For the last couple of weeks they had been in the midst of colourful preparations: the children of the German section of the primary school. Last week, they showed their classmates how Easter is celebrated in Germany.
It all started with hard-boiled eggs which were painted in vibrant patterns. That was followed by a giant egg-hunt, some Easter songs and poems, and then it was time for tea with German pastry and specialities. And this is only one example of how children at the International School get the opportunity to discover the cultures of their classmates from all over the world. In close collaboration with the parents, who have the best knowledge of the traditions and folklore of their countries, songs, art and food are brought to life.
It all started with Saint Nicolas on 5 December, a Dutch tradition where children (but only those who have been good and obedient all year round) receive presents, chocolate and Dutch cookies from Saint Nicolas, patron saint of children. This tradition, with its many Saint Nicolas songs, was also celebrated at the International School.
Next in line was Christmas with its songs, shows, beautifully decorated Christmas tree and Santa Klaus to crown it all. Then, in February the Chinese New Year was celebrated with a dragon, calligraphy, traditional Chinese paper folding and music, and an amazing buffet of Chinese dishes. Talk about cultural diversity: with 19 nationalities currently represented on the International School campus, this initiative still has a long future ahead.
The work on the ITER construction site is progressing rapidly, the landscape changing from day to day. Already installed are the portacabins for the workers and subcontractors. The next step is the construction of the 300 new temporary offices for the ITER team which will be ready by October this year. They will be located behind the Extension II on the other side of the fence. A pedestrian gate will allow access to the site. The preparatory work for the 3700 m platform and the electrical installations, telephone, internet lines etc. is underway.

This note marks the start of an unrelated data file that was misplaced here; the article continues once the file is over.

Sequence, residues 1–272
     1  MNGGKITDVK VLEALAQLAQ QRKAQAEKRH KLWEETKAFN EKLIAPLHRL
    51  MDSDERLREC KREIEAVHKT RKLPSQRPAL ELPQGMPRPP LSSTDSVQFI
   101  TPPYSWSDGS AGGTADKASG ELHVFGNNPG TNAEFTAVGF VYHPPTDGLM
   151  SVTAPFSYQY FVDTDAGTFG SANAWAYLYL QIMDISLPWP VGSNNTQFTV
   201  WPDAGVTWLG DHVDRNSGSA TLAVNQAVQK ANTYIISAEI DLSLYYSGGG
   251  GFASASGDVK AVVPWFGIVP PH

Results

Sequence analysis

Furthermore, Agence ITER France together with the CEA Cadarache are currently installing the power supply for the new ITER offices and the new car park. For that, the 15 kV line coming from Tore Supra will be reduced to a 400 Volt line.
Last Thursday, the Welcome Office organized a guided excursion to the heart of the Luberon. First, the tour led to Gordes, a typical village. After a delicious lunch, the group led by Audrey Duval discovered Roussillon with its unique ochre walls.